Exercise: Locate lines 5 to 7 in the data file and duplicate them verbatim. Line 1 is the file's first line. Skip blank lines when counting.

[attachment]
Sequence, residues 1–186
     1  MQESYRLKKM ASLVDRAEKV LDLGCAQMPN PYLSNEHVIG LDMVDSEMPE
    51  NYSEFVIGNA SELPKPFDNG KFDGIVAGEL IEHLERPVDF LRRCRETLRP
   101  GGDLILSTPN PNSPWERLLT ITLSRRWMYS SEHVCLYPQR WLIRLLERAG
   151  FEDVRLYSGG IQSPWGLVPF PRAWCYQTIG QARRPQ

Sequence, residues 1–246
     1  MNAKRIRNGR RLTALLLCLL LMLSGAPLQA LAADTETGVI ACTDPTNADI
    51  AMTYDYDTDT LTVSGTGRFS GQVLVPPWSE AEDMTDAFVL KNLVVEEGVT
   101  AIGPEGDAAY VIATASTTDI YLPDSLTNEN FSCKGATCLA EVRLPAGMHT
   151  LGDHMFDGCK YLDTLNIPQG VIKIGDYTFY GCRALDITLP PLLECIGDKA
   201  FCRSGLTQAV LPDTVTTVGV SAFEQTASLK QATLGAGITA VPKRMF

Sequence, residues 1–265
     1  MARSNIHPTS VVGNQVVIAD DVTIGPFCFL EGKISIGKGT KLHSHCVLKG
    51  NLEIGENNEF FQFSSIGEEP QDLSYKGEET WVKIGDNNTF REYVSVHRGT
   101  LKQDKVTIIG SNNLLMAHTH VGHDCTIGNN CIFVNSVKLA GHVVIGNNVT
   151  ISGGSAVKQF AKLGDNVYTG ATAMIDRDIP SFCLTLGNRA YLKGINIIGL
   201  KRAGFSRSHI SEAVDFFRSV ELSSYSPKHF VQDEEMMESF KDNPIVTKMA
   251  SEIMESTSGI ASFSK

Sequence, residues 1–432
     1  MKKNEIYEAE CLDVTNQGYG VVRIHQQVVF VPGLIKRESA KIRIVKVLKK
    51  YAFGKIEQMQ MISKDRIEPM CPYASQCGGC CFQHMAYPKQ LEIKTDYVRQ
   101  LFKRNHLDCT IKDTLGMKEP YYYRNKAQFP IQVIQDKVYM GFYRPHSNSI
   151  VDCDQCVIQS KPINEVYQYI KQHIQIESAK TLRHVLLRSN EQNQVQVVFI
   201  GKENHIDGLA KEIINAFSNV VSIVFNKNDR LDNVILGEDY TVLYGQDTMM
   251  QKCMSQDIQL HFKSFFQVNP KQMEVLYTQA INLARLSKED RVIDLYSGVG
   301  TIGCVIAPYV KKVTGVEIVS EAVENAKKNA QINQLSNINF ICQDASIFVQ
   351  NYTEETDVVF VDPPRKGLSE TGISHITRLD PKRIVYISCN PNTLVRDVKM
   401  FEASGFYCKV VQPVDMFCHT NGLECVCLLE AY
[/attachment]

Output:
   151  FEDVRLYSGG IQSPWGLVPF PRAWCYQTIG QARRPQ

Sequence, residues 1–246
     1  MNAKRIRNGR RLTALLLCLL LMLSGAPLQA LAADTETGVI ACTDPTNADI